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“And I’m going with you.”
Sunday 16 March 2014 Articles

A couple of weekends I spent some time listening to Peter Kreeft talk about evil (and also good) in Lord of the Rings. It was, as always is with Kreeft, thought provoking and it got me thinking about what Tolkien does in the story.

The part that struck me particularly strongly, on this listening, was about the power of sacrifice in relation to evil in the book:

Frodo and Gandalf and Aragon are all, in different ways, martyrs, Christ figures. They undergo 3 different kinds of voluntary deaths and resurrections. Christ’s tomb was a rock; Gandalf’s was the Abyss of Moria; Aragorn’s was the Paths of the Dead and Frodo’s was the effect of the ring on his Spirit, which is incurable in Middle Earth.

Approaching Lent, I was very aware of that sense in the Spiritual Exercises of accompanying Christ in his Passion. The whole of Lent can have that feel to it. Firstly we walk with Jesus in the desert. Then we follow him to Jerusalem, to the garden of Gethsemane, to Calvary and then to the tomb, where his body is laid.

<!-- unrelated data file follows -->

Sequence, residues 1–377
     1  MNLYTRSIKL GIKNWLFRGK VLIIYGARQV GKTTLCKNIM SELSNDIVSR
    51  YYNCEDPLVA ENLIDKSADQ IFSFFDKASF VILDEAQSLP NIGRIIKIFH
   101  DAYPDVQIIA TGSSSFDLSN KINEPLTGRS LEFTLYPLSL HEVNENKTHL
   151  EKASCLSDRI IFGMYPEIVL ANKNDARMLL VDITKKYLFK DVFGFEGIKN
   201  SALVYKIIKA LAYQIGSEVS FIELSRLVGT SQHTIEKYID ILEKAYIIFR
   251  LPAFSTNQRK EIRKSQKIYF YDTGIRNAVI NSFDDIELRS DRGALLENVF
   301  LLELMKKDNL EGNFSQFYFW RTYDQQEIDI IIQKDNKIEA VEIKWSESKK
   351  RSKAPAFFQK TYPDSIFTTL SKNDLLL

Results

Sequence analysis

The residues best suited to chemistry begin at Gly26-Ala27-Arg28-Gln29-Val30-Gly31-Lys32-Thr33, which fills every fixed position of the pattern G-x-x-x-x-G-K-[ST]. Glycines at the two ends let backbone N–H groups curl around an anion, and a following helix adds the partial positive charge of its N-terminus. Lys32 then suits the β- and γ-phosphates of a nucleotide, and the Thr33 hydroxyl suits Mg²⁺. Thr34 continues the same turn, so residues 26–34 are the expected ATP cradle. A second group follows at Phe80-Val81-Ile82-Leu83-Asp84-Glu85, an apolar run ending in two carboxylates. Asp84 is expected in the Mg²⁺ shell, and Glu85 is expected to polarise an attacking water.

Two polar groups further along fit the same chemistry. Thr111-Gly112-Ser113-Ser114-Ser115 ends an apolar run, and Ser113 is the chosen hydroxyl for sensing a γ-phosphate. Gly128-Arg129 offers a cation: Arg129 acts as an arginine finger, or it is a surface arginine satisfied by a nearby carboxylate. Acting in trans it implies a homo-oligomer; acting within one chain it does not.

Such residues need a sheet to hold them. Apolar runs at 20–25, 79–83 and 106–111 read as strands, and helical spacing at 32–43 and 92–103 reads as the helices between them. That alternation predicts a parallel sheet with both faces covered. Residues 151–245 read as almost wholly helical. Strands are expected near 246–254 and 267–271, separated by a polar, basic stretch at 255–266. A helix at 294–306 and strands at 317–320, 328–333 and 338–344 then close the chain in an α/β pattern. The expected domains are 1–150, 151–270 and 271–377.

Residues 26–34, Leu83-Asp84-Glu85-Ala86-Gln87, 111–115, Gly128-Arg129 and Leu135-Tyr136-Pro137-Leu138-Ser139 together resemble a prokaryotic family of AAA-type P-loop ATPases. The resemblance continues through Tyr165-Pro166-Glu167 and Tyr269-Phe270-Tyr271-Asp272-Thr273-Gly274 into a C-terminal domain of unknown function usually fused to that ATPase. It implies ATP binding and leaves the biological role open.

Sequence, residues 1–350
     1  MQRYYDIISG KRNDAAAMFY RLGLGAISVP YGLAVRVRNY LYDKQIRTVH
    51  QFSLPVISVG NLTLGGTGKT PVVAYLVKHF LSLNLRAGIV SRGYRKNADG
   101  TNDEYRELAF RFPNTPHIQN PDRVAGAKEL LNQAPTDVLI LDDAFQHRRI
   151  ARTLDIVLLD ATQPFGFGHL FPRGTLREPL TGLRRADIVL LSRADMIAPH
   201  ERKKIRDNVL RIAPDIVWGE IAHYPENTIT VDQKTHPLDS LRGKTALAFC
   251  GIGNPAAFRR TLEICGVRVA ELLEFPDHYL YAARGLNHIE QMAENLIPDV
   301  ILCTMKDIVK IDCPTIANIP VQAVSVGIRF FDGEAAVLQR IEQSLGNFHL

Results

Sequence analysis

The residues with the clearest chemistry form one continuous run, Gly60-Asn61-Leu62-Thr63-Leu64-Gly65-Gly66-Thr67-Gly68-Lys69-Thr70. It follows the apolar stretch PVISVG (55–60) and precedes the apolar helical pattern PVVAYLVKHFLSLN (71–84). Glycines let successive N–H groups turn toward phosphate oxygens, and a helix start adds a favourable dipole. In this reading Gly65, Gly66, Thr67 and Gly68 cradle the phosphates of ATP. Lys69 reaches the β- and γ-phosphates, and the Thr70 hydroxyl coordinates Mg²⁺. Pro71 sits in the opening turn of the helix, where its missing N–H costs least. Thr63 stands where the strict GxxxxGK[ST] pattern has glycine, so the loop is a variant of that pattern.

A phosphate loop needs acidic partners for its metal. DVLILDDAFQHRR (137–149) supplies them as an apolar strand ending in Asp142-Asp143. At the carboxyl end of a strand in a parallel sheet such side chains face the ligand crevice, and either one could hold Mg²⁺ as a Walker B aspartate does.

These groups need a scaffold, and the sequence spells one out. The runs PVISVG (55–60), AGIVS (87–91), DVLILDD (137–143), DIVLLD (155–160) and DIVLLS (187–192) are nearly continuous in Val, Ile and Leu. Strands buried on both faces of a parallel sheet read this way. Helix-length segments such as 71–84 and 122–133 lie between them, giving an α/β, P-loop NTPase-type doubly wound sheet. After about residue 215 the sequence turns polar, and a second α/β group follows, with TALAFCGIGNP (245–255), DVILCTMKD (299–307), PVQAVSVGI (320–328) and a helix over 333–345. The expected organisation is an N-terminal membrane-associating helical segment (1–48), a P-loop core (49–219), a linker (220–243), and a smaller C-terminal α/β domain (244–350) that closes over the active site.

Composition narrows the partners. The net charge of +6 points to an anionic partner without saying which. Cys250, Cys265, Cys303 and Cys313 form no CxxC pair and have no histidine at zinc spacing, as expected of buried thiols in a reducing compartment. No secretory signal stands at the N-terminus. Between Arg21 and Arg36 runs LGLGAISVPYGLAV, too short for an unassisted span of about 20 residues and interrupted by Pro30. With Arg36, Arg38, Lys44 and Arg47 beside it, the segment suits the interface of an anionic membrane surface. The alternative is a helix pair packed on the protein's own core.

“Lord of the Rings” is not an allegory; Tolkein disliked allegory. However there are similarlities. Kreeft says elsewhere:

So even though The Lord of the Rings is not an allegory of the Gospels, we can find numerous parallels to the Gospels in The Lord of the Rings, since the Person at the center of the Gospels is omnipresent in hidden ways, not only in His eternal, universal nature as Truth, Goodness, and Beauty, but even in His particular historical manifestation, His Incarnation. For instance, Frodo’s journey up Mount Doom is strikingly similar to Christ’s Way of the Cross. Sam is his Simon of Cyrene, but he carries the cross bearer as well as the cross.

There is something about our own journey through Lent, this walking with Jesus than can been seen when we look at Sam. Sam was not the Ring Bearer. He did not have that responsibility, that burden. However he can travel with Frodo, share the hardships of the journey, share the food, while there is still some left. In the end he can carry Frodo towards Mount Doom, where the Ring is to be dealt with once and for all (although it is not Frodo who will do the dealing.)

We are only at the beginning, at the start of the walk through the desert. Maybe Jerusalem is not yet on the horizon. In my following Christ, can I be a willing and loyal as Sam was to Frodo? This is the invitation to me this year.

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